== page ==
October 2, 2008

Reflections on the 2008 National Book Festival

On Saturday I attended the 2008 National Book Festival. Overall I found the Festival to be an event about inclusion more than reading, but with a good message that everyone should have access to books and authors, and anyone can write a book about anything. The most striking thing about this event is that it is the polar opposite of what some would think a literary festival would be. If one imagined the festival based on book stores, book reviews, book magazines, and people known to be bookish types, one might expect the Festival to have an air of affluence, scholarliness, seriousness, formality, entitlement, historical purpose and authority. (Read Heidi Julavits' March 2003 Believer piece as a case in point.)

Instead, the Festival seemed to me to be a big, muddy party on the Mall. It brought to mind Emma Lazarus’ 1883 poem The New Colossus, of Ellis Island fame and now in the Statue of Liberty. As I was walking the Mall Saturday, I thought of Lazarus’ words, "Give me your tired, your poor, Your huddled masses yearning to breathe free, The wretched refuse of your teeming shore. Send these, the homeless, tempest-tost to me, I lift my lamp beside the golden door!" Instead of aloof, pensive, coffee-house intellectuals hanging on a writer’s every word, I felt I saw the diversity and breadth of American readers, and for that matter, American citizens. 

The Festival was casual, with people undaunted by three days’ mud on the walking paths. People ate during the presentations, stepped out of tents to take cell phone calls, or camped out in Harley Davidson T-shirts to get a glimpse of popular children’s authors. People got up to ask Senator Kay Bailey Hutchison questions without preparing their remarks or removing their hats or introducing themselves. I think this is great: the proximity, both literally and figuratively, that Americans have to great writers via the National Book Festival is generous and ingenious. ANYONE can ask a question of a U.S. Senator this way, or of Salman Rushdie. And when Daniel Schorr was asked about the role of the media in presidential politics by a less than nonpartisan attendee, the attendee was booed and yelled at from others in the audience screaming that he should ask his question and get out of the way. The Library of Congress organized the Festival, but the People were in charge.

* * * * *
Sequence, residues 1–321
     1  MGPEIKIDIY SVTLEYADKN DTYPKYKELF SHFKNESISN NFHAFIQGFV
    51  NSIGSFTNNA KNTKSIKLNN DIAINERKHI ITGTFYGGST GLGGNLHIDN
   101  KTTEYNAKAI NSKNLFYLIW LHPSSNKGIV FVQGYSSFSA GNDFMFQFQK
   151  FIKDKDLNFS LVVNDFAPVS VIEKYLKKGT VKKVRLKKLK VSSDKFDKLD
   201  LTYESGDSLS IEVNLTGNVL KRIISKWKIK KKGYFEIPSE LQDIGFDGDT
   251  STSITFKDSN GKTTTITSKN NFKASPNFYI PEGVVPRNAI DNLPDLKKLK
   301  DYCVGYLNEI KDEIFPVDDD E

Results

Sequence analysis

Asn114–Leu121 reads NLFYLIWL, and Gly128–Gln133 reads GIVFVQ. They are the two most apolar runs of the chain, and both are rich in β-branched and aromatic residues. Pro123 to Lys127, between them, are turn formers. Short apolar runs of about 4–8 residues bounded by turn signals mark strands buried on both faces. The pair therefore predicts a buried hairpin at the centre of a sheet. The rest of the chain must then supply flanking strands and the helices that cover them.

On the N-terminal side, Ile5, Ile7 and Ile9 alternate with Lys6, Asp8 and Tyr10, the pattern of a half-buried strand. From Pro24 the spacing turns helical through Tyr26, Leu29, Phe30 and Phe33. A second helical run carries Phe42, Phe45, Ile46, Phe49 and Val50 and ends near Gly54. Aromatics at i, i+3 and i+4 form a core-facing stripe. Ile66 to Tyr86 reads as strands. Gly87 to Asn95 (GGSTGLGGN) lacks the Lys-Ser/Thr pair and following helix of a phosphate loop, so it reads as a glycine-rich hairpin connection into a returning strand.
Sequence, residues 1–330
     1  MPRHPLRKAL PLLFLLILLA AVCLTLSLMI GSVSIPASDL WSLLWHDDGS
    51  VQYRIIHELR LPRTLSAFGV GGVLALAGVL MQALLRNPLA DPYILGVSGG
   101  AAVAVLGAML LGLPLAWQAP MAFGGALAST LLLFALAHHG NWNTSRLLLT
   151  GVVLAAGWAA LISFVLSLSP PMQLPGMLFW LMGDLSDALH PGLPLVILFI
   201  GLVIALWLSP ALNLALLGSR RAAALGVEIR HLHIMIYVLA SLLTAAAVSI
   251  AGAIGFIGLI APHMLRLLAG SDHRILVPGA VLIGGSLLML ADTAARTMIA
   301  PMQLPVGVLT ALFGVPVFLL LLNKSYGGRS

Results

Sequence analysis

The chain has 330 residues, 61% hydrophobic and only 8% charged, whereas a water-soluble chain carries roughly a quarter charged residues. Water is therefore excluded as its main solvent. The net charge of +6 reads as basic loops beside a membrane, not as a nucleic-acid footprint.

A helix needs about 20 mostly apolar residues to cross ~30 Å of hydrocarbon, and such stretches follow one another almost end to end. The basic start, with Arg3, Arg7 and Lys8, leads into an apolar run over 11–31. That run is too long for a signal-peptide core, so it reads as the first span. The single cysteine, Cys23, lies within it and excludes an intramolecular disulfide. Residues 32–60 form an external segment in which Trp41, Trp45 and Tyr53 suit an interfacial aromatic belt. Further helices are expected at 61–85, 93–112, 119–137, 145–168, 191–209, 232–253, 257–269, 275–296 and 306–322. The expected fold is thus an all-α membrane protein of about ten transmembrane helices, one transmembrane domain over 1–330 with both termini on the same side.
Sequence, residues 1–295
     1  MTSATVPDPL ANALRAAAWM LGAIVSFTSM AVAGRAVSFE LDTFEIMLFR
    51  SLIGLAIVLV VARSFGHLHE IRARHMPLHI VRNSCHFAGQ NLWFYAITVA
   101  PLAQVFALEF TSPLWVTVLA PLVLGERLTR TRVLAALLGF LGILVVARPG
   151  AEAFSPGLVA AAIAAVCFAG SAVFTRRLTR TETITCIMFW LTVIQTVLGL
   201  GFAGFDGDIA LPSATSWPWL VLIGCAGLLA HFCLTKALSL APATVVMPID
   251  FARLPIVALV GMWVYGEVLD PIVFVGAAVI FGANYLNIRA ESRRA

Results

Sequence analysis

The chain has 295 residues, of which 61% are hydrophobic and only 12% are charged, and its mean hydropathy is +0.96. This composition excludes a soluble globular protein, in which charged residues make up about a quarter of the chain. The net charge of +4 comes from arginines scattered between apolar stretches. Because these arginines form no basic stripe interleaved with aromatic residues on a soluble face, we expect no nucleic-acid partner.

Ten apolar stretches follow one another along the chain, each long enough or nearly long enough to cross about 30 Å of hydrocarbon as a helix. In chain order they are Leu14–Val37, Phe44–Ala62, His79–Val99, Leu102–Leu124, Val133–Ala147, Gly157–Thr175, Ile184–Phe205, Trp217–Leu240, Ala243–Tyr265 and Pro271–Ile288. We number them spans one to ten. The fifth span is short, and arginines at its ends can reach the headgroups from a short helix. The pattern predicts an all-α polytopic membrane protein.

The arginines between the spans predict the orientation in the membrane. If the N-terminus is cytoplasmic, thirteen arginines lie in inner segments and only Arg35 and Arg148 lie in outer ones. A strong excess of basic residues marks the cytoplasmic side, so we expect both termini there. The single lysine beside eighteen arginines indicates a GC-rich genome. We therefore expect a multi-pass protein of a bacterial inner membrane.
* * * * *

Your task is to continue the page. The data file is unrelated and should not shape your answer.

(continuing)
The Festival mirrored the same inclusion and acceptance that Lazarus spoke of, which I believe is the most treasured value of Americans. The fact that this value is manifest at a book festival was a bit surprising, but it makes me hopeful for the future of books and democracy in America—two freedoms that are inextricably linked.

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